This was a fast-paced, intriguing and unusual crime novel, with an intelligent yet emotional detective and a very satisfying ending.
A deadly game. An unstoppable killer. The perfect alibi.
Lucy Anderson is late collecting her daughter from nursery. A mistake that could prove fatal.
Her daughter is gone and there is only one way Lucy can get her back. The ransom is simple, she has to kill someone…
And this is just the beginning. A deadly game with a domino effect has started as the real killer forces others to do his bidding.
Can detective inspector Hannah Robbins find the killer’s next puppet before they’re forced to strike or will this be the case where her opponent has found the perfect way to kill?
Straight from the start this hooked me. Lucy was a very emotionally engaging character, she really connected with the reader, and so the choices she made were even more hard-hitting. She’s forced to kill someone in order to get her daughter back, and the detailed thought process she goes through to make her decision and accept it is really quite painful to read. It also forces the reader to confront the choices they would make in this situation, making it even harder to read. The way this novel works is through a domino effect, with someone behind the scenes pulling all the strings. I don’t want to give too much away, but what happens to Lucy is actually really upsetting for the reader as she is the first character we bond with other than the detective. It’s a fast-paced outcome however, with no time to lose, and the next character that the novel focuses on is so different to Lucy that I felt it hardened the reader to their potential outcome and stopped the reader from becoming too emotionally attached to each character. This worked really well, as each time a new character was introduced the suspense built further and further.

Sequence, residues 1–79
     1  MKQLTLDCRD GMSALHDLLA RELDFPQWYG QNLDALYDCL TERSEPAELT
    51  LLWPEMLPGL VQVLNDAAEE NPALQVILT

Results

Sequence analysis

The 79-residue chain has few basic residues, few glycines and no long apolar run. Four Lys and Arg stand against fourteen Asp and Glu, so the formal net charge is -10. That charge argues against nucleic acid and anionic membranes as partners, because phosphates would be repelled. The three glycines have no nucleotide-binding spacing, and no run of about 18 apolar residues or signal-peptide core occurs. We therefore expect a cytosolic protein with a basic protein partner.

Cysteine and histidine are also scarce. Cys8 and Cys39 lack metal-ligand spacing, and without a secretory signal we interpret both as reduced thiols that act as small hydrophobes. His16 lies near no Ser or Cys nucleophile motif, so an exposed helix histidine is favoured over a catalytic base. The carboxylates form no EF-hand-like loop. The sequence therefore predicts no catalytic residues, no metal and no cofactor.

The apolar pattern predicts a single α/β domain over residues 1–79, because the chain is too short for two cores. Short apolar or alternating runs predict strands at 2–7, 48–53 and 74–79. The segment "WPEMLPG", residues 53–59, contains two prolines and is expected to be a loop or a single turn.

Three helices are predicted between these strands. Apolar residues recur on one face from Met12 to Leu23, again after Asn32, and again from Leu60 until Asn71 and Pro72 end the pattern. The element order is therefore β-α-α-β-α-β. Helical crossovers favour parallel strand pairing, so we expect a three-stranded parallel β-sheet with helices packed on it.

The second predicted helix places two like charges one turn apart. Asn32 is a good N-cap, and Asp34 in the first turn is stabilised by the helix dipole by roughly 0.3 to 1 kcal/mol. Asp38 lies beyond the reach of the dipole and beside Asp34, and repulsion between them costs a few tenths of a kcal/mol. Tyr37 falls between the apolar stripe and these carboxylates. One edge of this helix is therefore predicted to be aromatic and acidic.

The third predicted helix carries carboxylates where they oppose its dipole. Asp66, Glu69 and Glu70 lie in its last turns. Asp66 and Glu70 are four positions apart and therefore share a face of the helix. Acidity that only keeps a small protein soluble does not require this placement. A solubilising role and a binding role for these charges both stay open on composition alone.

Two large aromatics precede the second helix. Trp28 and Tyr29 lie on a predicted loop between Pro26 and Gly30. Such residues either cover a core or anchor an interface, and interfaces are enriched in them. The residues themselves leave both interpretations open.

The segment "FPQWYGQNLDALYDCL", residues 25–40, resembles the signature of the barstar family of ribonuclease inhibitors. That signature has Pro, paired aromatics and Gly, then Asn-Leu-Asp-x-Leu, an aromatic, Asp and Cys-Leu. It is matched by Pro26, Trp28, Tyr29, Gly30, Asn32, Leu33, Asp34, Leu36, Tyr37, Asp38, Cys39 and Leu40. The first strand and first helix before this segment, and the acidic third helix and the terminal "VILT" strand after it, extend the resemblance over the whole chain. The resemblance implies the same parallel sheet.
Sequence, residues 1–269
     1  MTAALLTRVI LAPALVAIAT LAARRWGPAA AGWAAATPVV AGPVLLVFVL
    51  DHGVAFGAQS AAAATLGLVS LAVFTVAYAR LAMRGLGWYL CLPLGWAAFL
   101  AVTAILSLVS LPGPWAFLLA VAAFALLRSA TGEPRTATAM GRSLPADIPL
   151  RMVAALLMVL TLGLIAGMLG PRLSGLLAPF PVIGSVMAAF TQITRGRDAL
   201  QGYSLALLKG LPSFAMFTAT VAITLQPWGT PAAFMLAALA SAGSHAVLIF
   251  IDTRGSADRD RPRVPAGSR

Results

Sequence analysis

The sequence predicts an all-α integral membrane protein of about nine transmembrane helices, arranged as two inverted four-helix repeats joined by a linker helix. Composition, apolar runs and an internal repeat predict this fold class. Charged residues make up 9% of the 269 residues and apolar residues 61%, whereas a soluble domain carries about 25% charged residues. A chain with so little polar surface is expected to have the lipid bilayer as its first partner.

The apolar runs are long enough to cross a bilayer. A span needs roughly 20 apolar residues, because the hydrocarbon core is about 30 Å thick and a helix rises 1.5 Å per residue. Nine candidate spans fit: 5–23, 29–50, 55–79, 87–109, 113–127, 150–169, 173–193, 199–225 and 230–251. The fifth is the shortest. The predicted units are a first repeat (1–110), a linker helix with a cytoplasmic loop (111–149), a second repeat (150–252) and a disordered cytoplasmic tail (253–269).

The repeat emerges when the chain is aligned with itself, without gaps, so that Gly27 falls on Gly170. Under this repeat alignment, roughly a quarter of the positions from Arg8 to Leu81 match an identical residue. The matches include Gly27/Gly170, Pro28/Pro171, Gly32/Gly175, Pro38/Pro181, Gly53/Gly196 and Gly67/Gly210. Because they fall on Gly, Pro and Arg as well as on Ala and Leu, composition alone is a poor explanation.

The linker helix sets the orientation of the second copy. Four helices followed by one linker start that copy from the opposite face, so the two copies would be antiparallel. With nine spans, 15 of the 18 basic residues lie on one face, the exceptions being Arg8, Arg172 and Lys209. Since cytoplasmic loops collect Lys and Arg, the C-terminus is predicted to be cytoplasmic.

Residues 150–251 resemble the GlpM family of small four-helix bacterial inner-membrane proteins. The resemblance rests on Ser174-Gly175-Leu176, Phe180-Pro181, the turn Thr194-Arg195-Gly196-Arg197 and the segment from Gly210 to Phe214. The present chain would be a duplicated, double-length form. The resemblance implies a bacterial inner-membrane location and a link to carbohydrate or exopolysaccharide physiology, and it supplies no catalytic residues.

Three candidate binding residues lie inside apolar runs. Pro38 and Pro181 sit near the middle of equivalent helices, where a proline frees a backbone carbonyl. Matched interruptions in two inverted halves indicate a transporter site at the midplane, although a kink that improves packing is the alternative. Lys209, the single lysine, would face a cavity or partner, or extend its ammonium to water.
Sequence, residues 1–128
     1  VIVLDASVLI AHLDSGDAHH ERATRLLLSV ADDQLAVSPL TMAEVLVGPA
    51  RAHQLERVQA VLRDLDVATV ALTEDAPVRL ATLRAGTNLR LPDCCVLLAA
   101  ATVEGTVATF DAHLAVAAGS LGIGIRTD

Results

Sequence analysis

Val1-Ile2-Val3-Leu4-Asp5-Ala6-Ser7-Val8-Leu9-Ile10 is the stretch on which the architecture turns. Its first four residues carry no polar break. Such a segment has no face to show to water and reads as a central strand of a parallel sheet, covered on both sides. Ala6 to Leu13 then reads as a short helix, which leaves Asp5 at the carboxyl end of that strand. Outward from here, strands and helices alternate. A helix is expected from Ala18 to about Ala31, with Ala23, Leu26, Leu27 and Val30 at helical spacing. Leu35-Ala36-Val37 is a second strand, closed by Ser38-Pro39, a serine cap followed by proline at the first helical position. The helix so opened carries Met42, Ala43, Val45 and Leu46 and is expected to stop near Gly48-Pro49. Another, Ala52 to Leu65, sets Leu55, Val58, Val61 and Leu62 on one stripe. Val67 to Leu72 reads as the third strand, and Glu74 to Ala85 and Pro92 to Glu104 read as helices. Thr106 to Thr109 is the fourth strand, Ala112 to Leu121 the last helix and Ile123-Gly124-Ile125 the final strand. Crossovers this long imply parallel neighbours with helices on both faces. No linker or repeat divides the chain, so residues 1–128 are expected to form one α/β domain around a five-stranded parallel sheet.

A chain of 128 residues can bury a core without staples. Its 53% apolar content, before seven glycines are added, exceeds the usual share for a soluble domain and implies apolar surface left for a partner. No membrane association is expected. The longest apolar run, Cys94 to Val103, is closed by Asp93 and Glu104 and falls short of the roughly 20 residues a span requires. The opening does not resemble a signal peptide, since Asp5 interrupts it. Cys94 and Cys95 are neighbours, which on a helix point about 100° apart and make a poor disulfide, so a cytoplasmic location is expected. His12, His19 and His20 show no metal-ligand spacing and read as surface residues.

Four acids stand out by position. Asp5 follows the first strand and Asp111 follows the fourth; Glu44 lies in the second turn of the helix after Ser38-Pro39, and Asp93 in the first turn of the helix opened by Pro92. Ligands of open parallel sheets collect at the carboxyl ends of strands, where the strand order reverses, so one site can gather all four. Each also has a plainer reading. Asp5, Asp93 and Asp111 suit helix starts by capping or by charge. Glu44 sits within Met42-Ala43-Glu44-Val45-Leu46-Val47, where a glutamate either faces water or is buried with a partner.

Where this book really shines is in the questions it poses on morality and choice. Are the characters really offered much of a choice? The intense emotional blackmail they face would be hard for anyone to resist, but it’s also equally difficult to imagine letting it force them to commit these horrific crimes. But Bradley writes this part extremely well, highlighting the emotional turmoil they go through, their feelings after committing the crimes, and in the case of one of the characters, a sense of relief when they became the victim. It was truly brilliant writing in the face of a difficult moral topic.
The main detective, DI Hannah Robbins, was a really strong detective. She was intuitive, emotional and frustrated with the sense of the unknown. The reader had a real sense of the urgency needed to solve this case, and she was a brilliant lead character to do it. The ending was very emotionally satisfying, especially after such a difficult story. It wasn’t the most surprising, but that’s fine, as it instead provided satisfaction after such a fast-paced and intense novel.
I loved this, it was different to a lot of other crime/detective novels, it was fast and intense, and the characters were all written really well. I’d definitely recommend this!
Kill For Me
15th February 2019